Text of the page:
Thursday, December 27, 2001

Most Americans don't like to talk about social class. Many either refuse to admit such a thing exists at all, or say that class in the U.S. is a purely economic matter and having more or less money automatically changes one's class position.

For those who know better, or at least are willing to think about the subject, Paul Fussell's Class: A Guide Through The American Status System is a fascinating and often hilarious read. Fussell takes the standard three classes and expands them into nine, with a bohemian "classless class" tacked on at the end, and talks about why two families with the same income and living next door to one another, can be different classes. Since the book came out in 1983, a few details have become outdated as fashions changed, but in general the class indicators for clothing, homes, entertainment, food, and other things seem surprisingly stable. It's all the sort of thing that you may have never thought about, but when these characteristics are pointed out to you, they are immediately obvious.

Anyone who won't be crushed to find themselves showing up in a different class than they might have imagined would enjoy this book -- be sure to try out the "Living Room Scale" and see what your living room says about your status.

Sunday, December 23, 2001

I have, I admit, read a lot of psychology books. Feeling Good, The Courage To Heal, Transforming Trauma, and I Hate You -- Don't Leave Me, just to name that ones that made a big enough impression for me to remember them. But John Ratey and Catherine Johnson's Shadow Syndromes: The Mild Forms of Major Mental Disorders That Sabotage Us is unusually fascinating because it deals with people who have something that isn't serious enough to be diagnosed as a mental problem, but is still serious enough to affect their lives. This attracts my attention because that's a situation I've been in often: borderline clinical depression on this personality test; some other therapist saying I exhibit some but not all of the symptoms of borderline personality disorder; rarely in as bad an emotional condition as the people in the sexual abuse support groups I visited. In general, I cope with living reasonably well, with occasional lapses that freak me out and surprise everyone else.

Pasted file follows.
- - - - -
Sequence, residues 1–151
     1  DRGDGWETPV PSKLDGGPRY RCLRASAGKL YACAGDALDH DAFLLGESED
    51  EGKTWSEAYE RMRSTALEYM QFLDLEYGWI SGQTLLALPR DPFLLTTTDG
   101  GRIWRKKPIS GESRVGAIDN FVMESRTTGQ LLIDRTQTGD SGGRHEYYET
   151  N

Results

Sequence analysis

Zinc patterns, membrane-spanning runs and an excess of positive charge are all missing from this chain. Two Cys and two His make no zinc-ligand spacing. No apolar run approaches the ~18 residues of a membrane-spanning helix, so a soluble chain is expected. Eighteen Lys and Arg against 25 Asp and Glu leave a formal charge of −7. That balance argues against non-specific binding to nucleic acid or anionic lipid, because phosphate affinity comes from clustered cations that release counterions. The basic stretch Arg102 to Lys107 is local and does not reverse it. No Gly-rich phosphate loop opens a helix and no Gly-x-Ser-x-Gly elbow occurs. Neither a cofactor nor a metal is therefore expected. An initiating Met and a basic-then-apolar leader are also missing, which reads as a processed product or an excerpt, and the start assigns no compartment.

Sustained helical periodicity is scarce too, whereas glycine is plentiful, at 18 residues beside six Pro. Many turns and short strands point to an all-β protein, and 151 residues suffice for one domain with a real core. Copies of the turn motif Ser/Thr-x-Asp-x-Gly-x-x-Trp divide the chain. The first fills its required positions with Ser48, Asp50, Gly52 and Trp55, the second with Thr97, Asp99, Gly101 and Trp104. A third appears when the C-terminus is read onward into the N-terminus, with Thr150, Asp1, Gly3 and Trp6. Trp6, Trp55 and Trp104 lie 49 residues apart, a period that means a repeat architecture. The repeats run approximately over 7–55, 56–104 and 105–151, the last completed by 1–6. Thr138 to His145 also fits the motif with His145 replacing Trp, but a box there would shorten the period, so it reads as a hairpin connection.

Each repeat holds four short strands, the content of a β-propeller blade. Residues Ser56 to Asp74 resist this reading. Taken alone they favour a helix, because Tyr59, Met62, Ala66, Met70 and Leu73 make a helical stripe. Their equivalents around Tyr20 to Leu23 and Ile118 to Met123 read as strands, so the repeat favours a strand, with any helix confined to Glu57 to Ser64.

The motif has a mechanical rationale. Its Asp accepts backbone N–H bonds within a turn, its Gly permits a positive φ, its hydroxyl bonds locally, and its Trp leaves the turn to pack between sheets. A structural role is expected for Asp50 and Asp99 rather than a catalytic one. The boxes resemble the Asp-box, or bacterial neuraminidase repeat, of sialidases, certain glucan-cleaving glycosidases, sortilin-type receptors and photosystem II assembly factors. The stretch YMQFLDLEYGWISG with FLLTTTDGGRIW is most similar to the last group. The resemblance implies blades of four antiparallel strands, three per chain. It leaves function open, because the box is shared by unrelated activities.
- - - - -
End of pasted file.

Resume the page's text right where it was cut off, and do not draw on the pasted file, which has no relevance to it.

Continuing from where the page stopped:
So this book suggests that rather than having a huge divide between people with no diagnosable mental health disorder and people who do have a disorder, there's a continuum of severity with people who are neither as bad as the DSM-IV requirements or as healthy as they could in theory be. This makes a lot of sense. The authors see most of these disorders, in mild or severe form, as biological in origin, though certainly they can be triggered or worsened by environmental factors; this is also a new approach for me, after four therapists and lots of books that encourage talk therapy and behavior modification. I have been on antidepressants and that does seem to have smoothed out the worst of my own visits to the abyss -- perhaps this makes me trust the biological view more. But the approach to the mild versions of these different disorders as being closer to one another than their severe versions are is really interesting (and might give you a new view of your own or anyone close to you's mental problems. Even if one doesn't wholeheartedly accept this approach, seeing different possibilities never hurts.)

Wednesday, December 12, 2001

It seems that Orson Scott Card is good at writing about warped childhoods. There's Ender's Game, perhaps his most famous -- the children taken away from a normal life and trained to be soldiers and strategists. There are the parallel works to Ender's Game, Ender's Shadow and Shadow of the Hegemon, which deal with different children who have been subjected to the same regimen. There's his more realistic book Lost Boys, which creeped me out too much for a second reading, even though I couldn't put it down the first time. Lost Boys deals with missing children and child molestation, the latter a particularly difficult subject for me, but the reviews seem to indicate that anyone will be hit hard by this book.

But perhaps the earliest of Card's works on the theme (or maybe not -- I certainly haven't read anywhere near all of his work) is Songmaster (out of print, unfortunately). In this book, it is to the Songhouse that talented children are taken, to learn to sing more powerfully than anywhere else in the galaxy. Only those the Songhouse judges fit hosts can have Songbirds, the pre-pubescent singers who are the cream of the crop the Songhouse produces. It surprises an empire when Mikal, the ruthless emperor of many planets, is judged fit for a Songbird, but after years of finding the perfect child and training him, Ansset goes to Mikal's court.

The Songhouse environment comes through as unusual but warm; the Imperial court is cold and stiff, full of security guards who fondle Ansset's genitals and retainers jockeying for permission. (I find it amusing that every character seems to assume the galaxy-conquering Emperor is sexually involved with his nine-year-old Songbird [which he isn't], even though adult homosexuality in this world seems to be looked down upon as weak and weird.) Emotionally, Mikal becomes a father to Ansset, but even that is torn away.

Ansset survives and becomes a force to be reckoned with in Imperial politics, just as Ender and Bean and their comrades survive and gain great power in their books. It has started to get a little old by the sixth book in the Ender series, but the theme touches so many readers; perhaps because, especially in science fiction fandom, readers feel that their peers or their family or some other force treated them wrong, that they are as unusual, talented yet warped, as Card's characters. Songmaster is perhaps not as gripping as Ender's Game, but it covers the theme in a more interesting way: the power of song, not war.